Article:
Darn teenagers, get off my porch!

It can be hard to let go of Trick-or-Treating, but there comes a time when everyone has to grow up

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By Eileen Moynihan, Algonquin Regional HS, Northborough, Mass.

“Trick-or-treat!” a loud voice bellows. I look up in confusion at a boy with a full beard in a sports jersey and jeans.

Darn it. Not again.

More than once on Halloween, I’ve opened the front door with candy bowl in hand to see someone my age, or older, standing in front of me. When I’m expecting a cute little kid in a lion costume or a Buzz Lightyear suit, and I see a high school student in an old flannel and a cowboy hat, it’s not surprising that I’m not pleased.

When I see high school students trick-or-treating, it drives me nuts. I haven’t gone trick-or-treating since I was 13, because even back then, I thought I was too old. I understand the difficulty of letting go of something you love, but there comes a time when everyone just grows up.

Giving up a tradition like trick-or-treating is hard. I understand that. But, like many things we have to give up as teenagers, sometimes it just has to happen.”

I’ll let the freshmen get away with it since most of them are only 14 when Halloween rolls around. But, with that said, trick-or-treating as a freshman in high school should be your last year. After that, it’s like stealing candy from children. If you are old enough, or almost old enough, to drive to the store to pick up a bag of candy for $2.99, you are too old to be begging for candy from strangers.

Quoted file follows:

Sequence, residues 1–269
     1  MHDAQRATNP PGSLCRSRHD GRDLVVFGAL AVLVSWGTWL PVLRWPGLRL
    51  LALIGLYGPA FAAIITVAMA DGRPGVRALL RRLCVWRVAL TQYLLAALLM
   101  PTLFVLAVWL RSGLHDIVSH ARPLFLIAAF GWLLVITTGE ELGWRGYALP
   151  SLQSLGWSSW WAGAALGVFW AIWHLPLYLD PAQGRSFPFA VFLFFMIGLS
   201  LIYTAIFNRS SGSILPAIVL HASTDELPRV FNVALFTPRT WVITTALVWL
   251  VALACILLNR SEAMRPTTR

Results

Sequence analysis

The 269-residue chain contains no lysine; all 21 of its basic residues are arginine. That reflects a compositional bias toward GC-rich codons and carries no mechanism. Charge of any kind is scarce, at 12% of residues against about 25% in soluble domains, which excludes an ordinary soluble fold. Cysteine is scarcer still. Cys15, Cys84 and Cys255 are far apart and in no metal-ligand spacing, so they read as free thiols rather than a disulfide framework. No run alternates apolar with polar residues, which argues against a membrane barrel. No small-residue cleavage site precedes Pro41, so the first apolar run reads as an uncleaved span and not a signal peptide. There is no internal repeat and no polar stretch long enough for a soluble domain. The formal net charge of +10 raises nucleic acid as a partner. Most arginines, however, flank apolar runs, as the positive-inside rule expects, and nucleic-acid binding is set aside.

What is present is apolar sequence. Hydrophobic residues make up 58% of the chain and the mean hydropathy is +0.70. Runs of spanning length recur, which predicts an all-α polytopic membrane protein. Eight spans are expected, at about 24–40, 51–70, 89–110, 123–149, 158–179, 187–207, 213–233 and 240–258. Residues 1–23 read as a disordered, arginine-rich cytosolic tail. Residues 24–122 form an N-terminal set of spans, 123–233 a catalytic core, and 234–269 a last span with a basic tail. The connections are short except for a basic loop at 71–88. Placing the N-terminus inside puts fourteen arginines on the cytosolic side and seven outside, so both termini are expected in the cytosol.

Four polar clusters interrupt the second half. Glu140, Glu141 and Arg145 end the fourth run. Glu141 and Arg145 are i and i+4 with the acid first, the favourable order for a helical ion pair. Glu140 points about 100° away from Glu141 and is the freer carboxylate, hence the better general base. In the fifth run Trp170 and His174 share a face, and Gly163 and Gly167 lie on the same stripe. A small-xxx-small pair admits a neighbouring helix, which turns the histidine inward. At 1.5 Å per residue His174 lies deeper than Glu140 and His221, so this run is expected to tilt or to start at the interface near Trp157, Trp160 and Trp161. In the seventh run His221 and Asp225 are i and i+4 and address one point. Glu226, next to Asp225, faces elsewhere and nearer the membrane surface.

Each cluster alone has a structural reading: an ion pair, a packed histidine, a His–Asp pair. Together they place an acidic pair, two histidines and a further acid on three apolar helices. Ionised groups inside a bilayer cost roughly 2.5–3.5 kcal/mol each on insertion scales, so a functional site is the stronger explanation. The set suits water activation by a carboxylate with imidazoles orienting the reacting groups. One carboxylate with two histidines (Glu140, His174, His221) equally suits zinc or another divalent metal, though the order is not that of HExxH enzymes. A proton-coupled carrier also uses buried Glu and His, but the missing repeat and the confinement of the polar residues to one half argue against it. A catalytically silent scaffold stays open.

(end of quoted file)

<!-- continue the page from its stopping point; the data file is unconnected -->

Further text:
Don’t even consider coming to my house trick-or-treating if you’re not wearing a costume. It’s bad enough you’re trick-or-treating as a high school student, but it’s especially infuriating if you can’t even have the decency to make an attempt at a costume. I will close the door in your face. Well, no, I won’t, but I will give you ONE piece of candy with the ugliest glare I can muster.

Giving up a tradition like trick-or-treating is hard. I understand that. But, like many things we have to give up as teenagers, sometimes it just has to happen. There are so many fun ways to experience Halloween without trick-or-treating: throwing a party, watching scary movies, carving a pumpkin, hiding in the bushes and scaring the trick-or-treaters at your house (as long as you don’t traumatize the little ones), or handing out candy for the first time.

Seeing the little faces light up as I drop a chocolate bar in their bag is so adorable and rewarding: their excitement easily becomes my excitement. Even though I’m not the one on the other side of the door with pillowcase in hand, I feel the joy of trick-or-treating without doing it myself.

If your heart is truly set on trick-or-treating this Halloween, then do what you want. Just remember: as soon as the door closes after you’ve gotten your candy, the person on the other side is most likely rolling their eyes.

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